Friday, July 28, 2006

Lisa on...Ungratefulness.

Today's post deals with a topic we're all familiar with because we all have parents. It's "ungratefulness." Let's see what's going on. The letter to Lisa is in boldface, while her answer is in italics. Our completely hilarious and surprisingly well crafted commentary is in regular typeface.

Recently I spent an entire day treating my six-year-old son to a trip to the museum, the park, and the ice-cream shop. When we stopped to purchase a Christmas present for my nephew, my son demanded I buy him a new toy. When I refused, he threw a tantrum! For all I did for him, I got complaints. How do I teach him to be more grateful?

I don’t have an easy answer to this question.

We're beginning to sense a pattern with these.

When I was young, my parents would answer my whining with, “I’m sorry, honey, but we just can’t afford it.” I knew that was true and a temper tantrum wouldn’t change anything.

Lisa was the perfect child, of course. But what about...



These days most families can afford little luxuries. Our children see us buying wants instead of needs, and they want a piece of the pie.

Or do they need a piece of the pie, Lisa?

Our kids get so much they begin to expect it. Then the one time we don’t give something to them, they get angry because they feel it’s their right to have it.

"Our kids get so much they begin to expect it" is a relative statement. Wouldn't you say so, Leese? It's really only true if the parent or parents is giving the kid so much. If the parent has established guidelines (like, No you can't watch TV until your homework is done, or, No, you can't pray to Jesus until you finish your apostle-shaped pancakes), then the kid is going to realize what boundaries are and probably not throw a tantrum when he/she does not get what he/she wants. Children like boundaries. It gives them a sense of security and structure. Unless, of course, the child is mentally unstable. In which case he/she should be taken to a national park and left at a scenic overlook.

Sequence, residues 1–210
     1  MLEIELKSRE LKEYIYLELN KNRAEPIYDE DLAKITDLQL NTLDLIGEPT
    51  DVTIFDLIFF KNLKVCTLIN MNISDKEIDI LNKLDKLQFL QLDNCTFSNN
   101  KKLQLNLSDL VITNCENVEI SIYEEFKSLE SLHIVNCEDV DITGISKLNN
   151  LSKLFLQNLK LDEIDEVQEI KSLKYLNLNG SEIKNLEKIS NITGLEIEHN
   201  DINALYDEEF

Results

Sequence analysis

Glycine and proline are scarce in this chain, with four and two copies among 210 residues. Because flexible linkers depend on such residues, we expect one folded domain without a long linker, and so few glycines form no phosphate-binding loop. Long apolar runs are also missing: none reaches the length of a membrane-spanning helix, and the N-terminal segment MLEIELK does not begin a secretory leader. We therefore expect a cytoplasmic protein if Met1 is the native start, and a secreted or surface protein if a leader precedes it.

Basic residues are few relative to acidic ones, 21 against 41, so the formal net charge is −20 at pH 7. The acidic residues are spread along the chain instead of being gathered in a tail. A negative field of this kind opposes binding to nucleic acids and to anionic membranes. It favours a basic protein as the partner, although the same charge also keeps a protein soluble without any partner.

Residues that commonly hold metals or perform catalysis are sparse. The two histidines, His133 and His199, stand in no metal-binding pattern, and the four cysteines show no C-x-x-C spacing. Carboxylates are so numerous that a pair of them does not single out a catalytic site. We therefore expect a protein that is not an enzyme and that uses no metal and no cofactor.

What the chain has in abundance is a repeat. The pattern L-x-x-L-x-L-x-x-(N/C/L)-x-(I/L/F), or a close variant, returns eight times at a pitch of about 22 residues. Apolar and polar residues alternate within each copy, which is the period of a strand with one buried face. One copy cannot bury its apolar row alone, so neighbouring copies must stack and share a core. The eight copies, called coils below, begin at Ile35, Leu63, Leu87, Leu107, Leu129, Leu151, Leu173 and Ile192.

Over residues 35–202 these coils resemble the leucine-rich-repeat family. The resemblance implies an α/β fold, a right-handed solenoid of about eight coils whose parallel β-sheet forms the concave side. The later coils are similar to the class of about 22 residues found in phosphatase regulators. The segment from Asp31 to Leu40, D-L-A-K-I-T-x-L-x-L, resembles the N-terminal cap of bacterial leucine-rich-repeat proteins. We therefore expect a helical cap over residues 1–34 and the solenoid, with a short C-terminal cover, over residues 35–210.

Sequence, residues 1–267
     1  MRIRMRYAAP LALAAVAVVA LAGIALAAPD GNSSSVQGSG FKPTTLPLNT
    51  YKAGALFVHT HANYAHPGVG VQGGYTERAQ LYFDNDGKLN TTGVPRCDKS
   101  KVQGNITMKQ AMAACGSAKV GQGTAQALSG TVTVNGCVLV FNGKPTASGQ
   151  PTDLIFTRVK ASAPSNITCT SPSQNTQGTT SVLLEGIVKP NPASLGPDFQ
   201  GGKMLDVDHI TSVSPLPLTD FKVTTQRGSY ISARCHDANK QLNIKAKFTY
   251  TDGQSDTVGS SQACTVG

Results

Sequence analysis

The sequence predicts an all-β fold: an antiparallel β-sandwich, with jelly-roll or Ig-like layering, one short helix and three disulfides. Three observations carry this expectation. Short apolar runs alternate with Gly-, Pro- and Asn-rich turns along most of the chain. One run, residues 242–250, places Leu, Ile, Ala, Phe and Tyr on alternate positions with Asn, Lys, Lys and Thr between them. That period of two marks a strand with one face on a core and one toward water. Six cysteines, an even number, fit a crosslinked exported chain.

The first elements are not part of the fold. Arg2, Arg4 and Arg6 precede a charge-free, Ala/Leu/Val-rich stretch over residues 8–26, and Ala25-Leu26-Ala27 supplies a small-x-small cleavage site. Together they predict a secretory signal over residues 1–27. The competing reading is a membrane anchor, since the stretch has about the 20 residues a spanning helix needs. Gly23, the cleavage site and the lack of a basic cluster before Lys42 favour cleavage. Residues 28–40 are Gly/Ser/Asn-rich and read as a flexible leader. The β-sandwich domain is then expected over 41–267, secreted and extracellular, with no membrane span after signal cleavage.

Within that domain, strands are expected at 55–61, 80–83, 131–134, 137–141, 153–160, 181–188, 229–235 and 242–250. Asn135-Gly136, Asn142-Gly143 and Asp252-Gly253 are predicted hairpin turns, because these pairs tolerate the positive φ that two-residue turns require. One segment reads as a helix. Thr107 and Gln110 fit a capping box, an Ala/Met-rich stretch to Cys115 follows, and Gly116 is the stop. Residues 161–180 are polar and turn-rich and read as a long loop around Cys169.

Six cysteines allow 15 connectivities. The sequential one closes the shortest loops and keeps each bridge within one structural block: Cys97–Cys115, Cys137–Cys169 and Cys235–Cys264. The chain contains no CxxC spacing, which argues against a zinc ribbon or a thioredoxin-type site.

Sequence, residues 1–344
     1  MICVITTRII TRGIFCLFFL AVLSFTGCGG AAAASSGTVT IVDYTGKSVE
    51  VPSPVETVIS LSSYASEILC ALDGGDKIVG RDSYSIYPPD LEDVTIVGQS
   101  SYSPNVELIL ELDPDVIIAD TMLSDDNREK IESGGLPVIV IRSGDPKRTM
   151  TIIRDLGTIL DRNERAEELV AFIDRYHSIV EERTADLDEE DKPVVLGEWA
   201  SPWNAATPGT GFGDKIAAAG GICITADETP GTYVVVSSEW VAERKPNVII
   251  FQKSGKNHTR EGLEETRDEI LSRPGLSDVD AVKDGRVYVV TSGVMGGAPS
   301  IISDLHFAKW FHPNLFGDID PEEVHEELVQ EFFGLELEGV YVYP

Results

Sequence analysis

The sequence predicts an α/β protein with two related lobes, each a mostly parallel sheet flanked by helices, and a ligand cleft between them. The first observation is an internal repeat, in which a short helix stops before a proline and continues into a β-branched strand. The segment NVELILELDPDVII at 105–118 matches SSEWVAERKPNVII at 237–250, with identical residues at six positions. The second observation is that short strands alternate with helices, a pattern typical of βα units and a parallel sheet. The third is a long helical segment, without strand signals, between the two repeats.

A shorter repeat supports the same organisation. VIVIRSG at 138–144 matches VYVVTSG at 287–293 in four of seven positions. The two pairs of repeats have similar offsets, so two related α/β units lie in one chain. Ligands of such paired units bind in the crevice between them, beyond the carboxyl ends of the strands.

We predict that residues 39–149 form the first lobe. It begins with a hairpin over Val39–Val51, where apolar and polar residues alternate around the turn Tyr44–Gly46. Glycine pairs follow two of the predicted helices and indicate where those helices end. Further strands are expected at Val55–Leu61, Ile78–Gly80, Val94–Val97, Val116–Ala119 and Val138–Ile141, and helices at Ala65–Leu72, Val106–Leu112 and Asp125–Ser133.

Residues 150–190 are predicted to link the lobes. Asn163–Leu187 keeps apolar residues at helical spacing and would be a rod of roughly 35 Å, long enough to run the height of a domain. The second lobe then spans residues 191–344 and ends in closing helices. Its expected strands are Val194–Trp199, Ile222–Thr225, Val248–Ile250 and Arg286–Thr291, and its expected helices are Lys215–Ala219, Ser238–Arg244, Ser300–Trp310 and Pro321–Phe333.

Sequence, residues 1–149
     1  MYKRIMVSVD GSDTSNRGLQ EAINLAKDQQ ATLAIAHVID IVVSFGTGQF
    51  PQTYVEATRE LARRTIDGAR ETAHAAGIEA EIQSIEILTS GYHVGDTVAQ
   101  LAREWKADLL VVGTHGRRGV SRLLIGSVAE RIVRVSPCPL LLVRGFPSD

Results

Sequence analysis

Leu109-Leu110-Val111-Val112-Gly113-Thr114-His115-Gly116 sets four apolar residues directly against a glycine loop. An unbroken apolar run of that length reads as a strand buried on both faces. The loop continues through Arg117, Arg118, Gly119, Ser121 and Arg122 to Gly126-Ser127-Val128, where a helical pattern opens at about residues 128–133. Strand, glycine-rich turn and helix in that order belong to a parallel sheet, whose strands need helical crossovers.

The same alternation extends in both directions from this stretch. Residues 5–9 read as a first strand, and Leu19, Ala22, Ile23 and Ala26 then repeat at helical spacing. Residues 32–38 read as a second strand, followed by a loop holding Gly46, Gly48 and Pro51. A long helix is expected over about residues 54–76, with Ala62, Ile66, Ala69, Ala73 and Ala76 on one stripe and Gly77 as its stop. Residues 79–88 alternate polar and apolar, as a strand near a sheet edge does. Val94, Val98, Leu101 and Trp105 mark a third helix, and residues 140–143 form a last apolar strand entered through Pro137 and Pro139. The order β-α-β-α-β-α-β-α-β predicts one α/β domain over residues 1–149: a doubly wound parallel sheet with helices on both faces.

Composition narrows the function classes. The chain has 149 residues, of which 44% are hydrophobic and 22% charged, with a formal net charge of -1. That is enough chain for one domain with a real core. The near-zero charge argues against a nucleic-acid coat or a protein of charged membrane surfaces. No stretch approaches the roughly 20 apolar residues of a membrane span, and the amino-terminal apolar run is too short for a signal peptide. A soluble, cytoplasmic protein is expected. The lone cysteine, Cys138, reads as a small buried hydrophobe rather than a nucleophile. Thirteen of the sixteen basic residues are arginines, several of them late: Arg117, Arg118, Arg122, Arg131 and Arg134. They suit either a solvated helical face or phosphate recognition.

In the long run, it may be more loving to tell your child “no” even when it’s within your power to say “yes.”

Duh. See above.

Here’s a silly, personal example.

Yay! Silly!

When I had toddlers, we rarely bought Happy Meals, but not because we were health-conscious or because we didn’t want to be caught in the drive-thru lane.

Just to note: "Happy Meals" and "drive-thru" in one sentence. Like manna from heaven.

Instead, I bought them each a hamburger, and they split an order of fries and a soft drink. It was plenty for my toddlers, and they didn’t complain.

Of course they didn't. They were eating a carefully researched combination of chemicals and fat. Perfect for toddlers, by the way.

So on the special occasions when they did get the “whole enchilada,” complete with toy (at the fast-food Mexican restaurants, of course!)...

Of course.

...they were extremely grateful. Their gratitude was an automatic response to getting something they didn’t expect.

It’s difficult to say “no” to our children when we love them so much and enjoy pleasing them. But stick to your guns. Perhaps it boils down to telling your child “no” more often.

Yes, and also feed them more than fast food. Eh. Too late. Tucker, come to NYC. We'll introduce you to food that takes longer than the red light turning to the green light to cook. As you for you, Lisa, why not just say to this woman: "Look, if you take a six-year-old to the park, the museum and the ice cream shop and then ultimately buy his cousin a gift when it's clear that the son deserves a gift for spending the entire day with someone pathetic enough to write me a letter to ask for a solution to what's really a very simple problem, of course he's going to pitch a fit. Come on."?


Anonymous Anonymous said...

Love the blog. Thanks!

September 02, 2006  

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